As of July 4th, Caroline Wozniacki still ranked No. 1 in the world about 2,000 points ahead of world No. 2 Kim Clijsters.
Meanwhile, Petra Kvitova of the Czech Republic, who won earlier this year at the Brisbane Open, Paris Indoors, and the Madrid Open on clay, just added her first Major title of her career by claiming Wimbledon. On Monday, Kvitova was stood at No. 7 in the world standings.
Of course, we have to understand that under the current world standings rules, the more you play, the more WTA points you earn, regardless of the category of the event you play.
Here is why Wozniacki is still the world's No. 1, while Kvitova is six spots behind the Dane:
Wozniacki has played 14 tournaments so far this year, while Kvitova has played in only 10. Wozniacki has won Dubai, Indian Wells, Charleston, Brussels and Copenhagen, while Kvitova won Brisbane, Paris Indoors, Madrid and Wimbledon.
Meanwhile, Indian Wells was the biggest tournament Wozniacki won this year and you have to wonder why she played Brussels, the week prior to Roland-Garros and Copenhagen, the week prior the Wimbledon.
Of course, some will argue that she wanted to play in front of her home crowd. But was it worth expending so much energy just one week before Wimbledon?
In a way, you have to wonder if she realised just what it would take to win a major.
At the end of the day, such strategy is a loser.
Of course, Wozniacki won Brussels and Copehangen. However, the Dane spent all her energy winning the lower-ranked tournaments rather than focusing on Majors.
Now, the same headlines abound regarding the World No. 1 being unable to win a Grand Slam. If Wozniacki wants to be a real contender in the big four, she will have to change her attitude towards them very soon.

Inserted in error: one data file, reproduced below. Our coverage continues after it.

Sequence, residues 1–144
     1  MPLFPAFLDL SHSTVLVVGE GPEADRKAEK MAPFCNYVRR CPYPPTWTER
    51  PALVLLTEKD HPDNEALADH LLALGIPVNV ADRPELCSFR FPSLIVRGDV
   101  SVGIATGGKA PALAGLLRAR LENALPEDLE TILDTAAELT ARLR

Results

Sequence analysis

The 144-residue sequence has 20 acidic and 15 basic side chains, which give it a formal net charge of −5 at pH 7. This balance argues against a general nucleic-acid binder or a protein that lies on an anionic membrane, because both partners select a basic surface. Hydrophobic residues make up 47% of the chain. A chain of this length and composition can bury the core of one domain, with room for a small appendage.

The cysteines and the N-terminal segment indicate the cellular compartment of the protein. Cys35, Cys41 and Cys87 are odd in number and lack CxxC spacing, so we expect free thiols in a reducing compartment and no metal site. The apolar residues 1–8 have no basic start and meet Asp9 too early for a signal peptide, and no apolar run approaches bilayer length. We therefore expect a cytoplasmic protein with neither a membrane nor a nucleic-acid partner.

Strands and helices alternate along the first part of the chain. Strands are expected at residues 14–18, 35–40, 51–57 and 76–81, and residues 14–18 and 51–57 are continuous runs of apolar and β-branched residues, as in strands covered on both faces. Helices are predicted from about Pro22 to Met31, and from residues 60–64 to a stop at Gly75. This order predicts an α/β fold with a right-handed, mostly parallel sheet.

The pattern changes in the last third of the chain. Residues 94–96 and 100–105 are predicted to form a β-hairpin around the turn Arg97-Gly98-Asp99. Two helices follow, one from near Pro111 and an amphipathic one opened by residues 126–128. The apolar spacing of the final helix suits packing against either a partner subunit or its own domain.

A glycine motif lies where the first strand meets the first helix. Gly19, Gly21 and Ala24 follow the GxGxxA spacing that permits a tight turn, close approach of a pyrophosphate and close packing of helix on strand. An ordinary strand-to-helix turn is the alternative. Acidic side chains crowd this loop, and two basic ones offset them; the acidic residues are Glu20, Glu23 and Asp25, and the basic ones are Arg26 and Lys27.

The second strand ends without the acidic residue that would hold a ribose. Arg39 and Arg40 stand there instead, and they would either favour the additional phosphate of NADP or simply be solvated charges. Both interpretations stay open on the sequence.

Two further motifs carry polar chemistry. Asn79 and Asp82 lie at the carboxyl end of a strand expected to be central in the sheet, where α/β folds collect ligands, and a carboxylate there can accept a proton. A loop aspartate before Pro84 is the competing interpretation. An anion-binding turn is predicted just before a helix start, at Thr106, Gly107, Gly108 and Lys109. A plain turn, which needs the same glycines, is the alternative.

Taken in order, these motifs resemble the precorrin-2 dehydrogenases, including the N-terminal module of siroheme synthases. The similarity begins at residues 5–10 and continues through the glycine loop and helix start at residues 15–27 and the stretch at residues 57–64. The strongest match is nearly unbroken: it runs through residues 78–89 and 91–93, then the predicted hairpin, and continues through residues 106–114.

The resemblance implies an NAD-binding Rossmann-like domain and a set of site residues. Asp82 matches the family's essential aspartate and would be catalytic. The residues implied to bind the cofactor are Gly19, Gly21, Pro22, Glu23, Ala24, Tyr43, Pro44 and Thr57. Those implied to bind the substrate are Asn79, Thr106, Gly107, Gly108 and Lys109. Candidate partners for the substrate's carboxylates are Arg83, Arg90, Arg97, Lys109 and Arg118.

The current World No. 1 was a semifinalist at the Australian Open, but then lost in the third round of Roland-Garros and the last 16 of Wimbledon. She may improve her record at the upcoming US Open, as hard court is her favorite surface.
Meanwhile, Kvitova won Madrid on clay, which is as important as Indian Wells, and she won Wimbledon on grass, which is more impressive than what Wozniacki accomplished this year.
The 21-year-old clinched Wimbledon after dominating Maria Sharapova 6-3 6-4 and showed signs that we would have to count her among the elite very soon.
The new generation didn't have enough time mature while former stars retired (Kim Clijsters, Justine Henin, Martina Hingis), and when the Williams sisters weren't able to be on the Tour all season long.
What I call a big champion is a pretty rare player who wins consistently on Tour for four, five or even 10 years.
This 2011 Wimbledon winner has everything it takes to be one and should become the next boss of the women tennis.
She's mastering all the shots required by the modern game and has the perfect game to win Grand Slams, contrary to Caroline Wozniacki, who hasn't produced enough offensive weapons to win a Major.
Kvitova's weapons are obvious: a powerful, accurate and regular serve, a huge forehand, a backhand getting better and better with every passing season (it has even become another weapon), and outstanding timing which allows her to fire such heavy shots.
The lefty Czech reminds me of Lindsay Davenport, who won her first Grand Slam in Wimbledon in 1999. Of course, Kvitova still has much room to improve physically.
It's not that surprising to see Kvitova triumph considering the amount of confidence she built on different surfaces in recent months—Brisbane (hard outdoor), Paris (indoor) and Madrid (clay), against top 10 players such as Clijsters, Li Na, Sam Stosur, Victoria Azarenka and Vera Zvonareva. All of this helped her to change her status and to reinforce confidence that now will never leave her.
Last but not least, here is one of the secrets to Petra's success: she knows her own strength and abilities. Therefore, when she's feeling good, she just feels like nothing can stop her.